One approach is to use object introspection to see if the object in question really does support the required method. In Perl, this is:

croak 'Duck typing failure' unless $dog_or_tree->can( 'bark' );

Or in Ruby, something like:

raise 'Duck typing failure' unless dog_or_tree.respond_to?( 'bark' )

If you want to get stricter, and if your language supports this, you can even check the arity or types of the allowed signatures of the method -- but look at all of the boilerplate code you have to write to make this work. That's also code to check only a single method.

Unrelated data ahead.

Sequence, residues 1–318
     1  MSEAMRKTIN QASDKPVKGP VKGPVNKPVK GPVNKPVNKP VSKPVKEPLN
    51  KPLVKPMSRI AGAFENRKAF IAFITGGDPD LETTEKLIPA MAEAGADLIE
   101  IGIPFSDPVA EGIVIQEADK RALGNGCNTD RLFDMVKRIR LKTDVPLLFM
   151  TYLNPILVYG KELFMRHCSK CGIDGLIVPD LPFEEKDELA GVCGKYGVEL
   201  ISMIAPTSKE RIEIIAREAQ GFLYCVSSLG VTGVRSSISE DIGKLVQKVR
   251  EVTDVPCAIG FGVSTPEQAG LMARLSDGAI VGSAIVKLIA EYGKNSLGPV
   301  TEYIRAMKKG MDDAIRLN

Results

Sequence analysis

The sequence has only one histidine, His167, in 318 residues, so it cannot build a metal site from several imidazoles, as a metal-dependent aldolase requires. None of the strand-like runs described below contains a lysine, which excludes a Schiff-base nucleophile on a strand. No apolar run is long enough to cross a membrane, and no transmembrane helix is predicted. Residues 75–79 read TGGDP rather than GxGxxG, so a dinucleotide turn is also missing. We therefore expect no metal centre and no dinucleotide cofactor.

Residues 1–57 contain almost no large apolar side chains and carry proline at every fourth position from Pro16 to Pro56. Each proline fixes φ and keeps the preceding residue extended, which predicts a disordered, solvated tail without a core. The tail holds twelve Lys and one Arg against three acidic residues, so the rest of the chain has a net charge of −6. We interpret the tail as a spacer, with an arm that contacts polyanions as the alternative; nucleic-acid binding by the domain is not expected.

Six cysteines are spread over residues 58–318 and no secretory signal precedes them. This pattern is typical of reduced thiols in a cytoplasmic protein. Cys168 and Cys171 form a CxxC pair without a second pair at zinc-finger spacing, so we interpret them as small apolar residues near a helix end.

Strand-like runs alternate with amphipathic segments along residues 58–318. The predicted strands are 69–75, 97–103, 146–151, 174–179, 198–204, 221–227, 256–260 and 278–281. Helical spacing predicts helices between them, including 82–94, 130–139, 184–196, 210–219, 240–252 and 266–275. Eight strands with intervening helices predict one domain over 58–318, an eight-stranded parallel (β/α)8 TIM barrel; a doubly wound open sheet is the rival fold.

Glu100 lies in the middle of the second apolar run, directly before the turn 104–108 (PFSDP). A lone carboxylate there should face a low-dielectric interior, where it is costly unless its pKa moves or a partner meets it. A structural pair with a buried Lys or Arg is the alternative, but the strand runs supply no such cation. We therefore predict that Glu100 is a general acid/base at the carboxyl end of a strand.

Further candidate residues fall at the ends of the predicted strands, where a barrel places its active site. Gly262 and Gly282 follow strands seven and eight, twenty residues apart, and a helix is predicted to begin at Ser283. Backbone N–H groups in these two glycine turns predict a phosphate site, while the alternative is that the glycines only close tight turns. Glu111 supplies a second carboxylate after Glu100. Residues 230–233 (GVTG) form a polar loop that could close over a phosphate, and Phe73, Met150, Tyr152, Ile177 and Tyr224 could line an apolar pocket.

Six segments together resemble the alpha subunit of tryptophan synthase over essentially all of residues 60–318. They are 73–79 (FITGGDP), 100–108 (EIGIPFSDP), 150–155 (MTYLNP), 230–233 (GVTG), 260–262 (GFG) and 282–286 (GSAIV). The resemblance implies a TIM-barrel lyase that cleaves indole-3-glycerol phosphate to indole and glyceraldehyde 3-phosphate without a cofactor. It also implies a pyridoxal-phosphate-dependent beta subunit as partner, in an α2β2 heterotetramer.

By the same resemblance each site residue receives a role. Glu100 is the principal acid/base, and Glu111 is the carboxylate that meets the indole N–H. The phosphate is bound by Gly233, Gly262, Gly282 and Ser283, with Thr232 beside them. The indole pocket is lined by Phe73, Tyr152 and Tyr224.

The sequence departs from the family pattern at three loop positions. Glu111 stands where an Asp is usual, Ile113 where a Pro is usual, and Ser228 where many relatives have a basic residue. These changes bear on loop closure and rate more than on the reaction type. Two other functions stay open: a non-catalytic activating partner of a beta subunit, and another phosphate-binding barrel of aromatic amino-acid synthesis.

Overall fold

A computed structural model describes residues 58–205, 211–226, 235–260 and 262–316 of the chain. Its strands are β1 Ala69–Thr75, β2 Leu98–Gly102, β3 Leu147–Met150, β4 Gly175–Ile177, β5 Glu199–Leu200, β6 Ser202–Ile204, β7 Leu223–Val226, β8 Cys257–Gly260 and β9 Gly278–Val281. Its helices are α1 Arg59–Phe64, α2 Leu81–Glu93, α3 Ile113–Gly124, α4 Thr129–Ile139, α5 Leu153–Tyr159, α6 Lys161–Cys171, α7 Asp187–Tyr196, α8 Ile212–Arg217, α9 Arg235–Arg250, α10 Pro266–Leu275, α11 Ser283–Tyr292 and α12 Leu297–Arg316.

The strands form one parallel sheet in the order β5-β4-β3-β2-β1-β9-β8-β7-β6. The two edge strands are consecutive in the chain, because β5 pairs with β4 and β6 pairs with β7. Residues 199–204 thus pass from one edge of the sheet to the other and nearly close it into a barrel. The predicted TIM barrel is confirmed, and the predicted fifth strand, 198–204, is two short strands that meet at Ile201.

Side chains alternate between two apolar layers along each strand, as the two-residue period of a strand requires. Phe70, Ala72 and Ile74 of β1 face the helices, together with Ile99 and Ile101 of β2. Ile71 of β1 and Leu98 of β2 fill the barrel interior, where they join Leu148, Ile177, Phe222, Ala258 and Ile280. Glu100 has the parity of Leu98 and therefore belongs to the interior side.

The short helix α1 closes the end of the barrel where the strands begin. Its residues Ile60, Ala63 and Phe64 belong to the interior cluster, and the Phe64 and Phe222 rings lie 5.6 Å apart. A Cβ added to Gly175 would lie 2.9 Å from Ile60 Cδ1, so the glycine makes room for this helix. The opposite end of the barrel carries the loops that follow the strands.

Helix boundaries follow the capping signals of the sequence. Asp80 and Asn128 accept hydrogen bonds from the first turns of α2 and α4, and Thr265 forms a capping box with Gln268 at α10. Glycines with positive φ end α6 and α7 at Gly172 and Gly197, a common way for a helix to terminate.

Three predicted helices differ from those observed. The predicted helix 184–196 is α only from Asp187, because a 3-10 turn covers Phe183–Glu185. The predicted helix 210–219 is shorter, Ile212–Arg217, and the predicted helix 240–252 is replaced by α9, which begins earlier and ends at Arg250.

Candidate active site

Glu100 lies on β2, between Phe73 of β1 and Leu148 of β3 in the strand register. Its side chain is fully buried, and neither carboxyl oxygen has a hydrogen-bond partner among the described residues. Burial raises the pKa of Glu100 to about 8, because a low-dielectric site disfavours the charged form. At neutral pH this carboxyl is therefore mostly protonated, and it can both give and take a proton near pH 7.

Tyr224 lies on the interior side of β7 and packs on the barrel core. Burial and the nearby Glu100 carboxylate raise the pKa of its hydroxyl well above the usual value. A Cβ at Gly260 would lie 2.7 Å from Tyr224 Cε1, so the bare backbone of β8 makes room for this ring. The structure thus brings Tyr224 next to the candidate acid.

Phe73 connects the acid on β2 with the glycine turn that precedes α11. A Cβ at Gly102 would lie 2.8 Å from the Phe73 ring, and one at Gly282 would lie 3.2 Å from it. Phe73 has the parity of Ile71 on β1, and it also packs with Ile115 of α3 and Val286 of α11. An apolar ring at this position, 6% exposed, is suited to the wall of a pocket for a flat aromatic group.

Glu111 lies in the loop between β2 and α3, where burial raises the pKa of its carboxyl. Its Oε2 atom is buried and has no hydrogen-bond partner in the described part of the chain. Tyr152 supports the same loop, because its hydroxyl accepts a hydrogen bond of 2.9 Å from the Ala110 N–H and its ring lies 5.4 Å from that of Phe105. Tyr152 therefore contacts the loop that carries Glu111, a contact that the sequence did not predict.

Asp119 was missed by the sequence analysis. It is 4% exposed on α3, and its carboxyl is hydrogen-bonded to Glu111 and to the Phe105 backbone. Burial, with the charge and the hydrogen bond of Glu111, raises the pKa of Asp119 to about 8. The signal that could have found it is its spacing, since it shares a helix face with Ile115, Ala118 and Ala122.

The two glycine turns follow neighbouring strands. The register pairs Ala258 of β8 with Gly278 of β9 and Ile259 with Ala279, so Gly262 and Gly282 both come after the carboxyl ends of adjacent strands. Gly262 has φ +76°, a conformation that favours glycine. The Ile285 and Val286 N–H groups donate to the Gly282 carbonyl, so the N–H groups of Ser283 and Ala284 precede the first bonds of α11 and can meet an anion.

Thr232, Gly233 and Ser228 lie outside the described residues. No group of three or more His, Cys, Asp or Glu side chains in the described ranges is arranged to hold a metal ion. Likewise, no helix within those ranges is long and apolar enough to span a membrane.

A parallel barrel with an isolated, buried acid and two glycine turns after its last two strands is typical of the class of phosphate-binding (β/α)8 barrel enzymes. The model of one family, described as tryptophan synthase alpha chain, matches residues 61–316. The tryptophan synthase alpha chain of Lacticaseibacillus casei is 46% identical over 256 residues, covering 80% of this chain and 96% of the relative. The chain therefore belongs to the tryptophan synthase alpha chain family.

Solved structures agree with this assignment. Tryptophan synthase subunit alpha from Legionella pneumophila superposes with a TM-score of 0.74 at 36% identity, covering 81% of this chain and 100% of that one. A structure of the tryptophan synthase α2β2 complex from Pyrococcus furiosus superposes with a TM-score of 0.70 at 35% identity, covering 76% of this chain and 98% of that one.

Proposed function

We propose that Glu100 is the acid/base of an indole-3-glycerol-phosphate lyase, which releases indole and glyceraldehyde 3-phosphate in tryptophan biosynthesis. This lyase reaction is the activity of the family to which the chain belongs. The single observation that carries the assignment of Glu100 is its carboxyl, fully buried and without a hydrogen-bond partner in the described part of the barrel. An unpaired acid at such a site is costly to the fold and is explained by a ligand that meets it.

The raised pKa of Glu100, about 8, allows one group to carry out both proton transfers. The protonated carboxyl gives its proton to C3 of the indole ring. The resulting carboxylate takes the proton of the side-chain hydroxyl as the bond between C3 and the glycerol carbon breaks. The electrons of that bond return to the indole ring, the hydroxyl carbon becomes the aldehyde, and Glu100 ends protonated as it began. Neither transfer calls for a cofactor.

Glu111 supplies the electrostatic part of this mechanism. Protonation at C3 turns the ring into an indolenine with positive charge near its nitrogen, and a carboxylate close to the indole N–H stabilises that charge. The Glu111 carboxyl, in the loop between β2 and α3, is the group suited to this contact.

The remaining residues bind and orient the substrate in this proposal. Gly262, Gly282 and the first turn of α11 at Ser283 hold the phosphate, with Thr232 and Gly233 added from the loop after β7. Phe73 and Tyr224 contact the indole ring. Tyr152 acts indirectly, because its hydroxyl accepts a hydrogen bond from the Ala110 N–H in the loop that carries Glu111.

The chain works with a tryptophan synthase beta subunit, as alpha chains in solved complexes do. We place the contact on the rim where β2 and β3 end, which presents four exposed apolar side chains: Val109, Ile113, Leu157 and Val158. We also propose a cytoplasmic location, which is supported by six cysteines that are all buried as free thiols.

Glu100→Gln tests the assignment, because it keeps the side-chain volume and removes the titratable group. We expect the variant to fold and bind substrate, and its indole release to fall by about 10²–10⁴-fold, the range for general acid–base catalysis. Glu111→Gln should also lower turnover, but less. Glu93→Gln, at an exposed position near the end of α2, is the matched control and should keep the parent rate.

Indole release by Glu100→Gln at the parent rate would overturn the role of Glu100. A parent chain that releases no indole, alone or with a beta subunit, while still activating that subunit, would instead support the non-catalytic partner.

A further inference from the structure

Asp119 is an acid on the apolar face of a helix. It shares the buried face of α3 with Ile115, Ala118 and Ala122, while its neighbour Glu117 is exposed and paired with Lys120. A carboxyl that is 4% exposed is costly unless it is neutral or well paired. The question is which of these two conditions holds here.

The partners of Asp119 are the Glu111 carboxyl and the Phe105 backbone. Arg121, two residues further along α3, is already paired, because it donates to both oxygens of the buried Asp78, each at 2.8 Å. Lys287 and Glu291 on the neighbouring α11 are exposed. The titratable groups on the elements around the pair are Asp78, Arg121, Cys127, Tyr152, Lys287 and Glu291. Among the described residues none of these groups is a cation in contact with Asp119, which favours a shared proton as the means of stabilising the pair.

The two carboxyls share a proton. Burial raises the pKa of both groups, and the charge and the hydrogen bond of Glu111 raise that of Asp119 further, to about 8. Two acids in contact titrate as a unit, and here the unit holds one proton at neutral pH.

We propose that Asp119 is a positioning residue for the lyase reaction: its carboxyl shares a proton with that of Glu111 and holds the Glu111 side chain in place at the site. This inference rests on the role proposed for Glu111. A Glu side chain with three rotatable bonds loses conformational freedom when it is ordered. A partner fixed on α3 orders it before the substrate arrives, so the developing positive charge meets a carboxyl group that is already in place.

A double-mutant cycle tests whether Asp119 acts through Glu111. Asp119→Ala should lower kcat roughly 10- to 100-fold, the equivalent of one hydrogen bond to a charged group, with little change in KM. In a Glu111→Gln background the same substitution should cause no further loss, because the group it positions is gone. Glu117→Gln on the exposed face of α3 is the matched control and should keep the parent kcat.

Suppose you want to call several methods on the object. You could check can() or respond_to? for each of them... but at this point, people often check the class inheritance of the object, in Perl with:

croak 'Duck typing failure' unless $dog_or_tree->isa( 'Dog' );

Or in Ruby, somethin like:

raise 'Duck typing failure' unless dog_or_tree.is_a?( 'Dog' );

Of course, this precludes other ways in which your object can perform the correct bark() methods: reimplementing it, mixing it in from elsewhere, delegating to it, or composing it -- unless you explicitly lie to the rest of the system about the identity of your object by overriding isa() in Perl or is_a? in Ruby.

Liars tend to get caught, and the results can be messy.

Roles, False Cognates, and Identity

In the context of a Dog, it's obvious what bark() means. In the context of a Tree, it's obvious what bark() means. Without that context, you just don't know.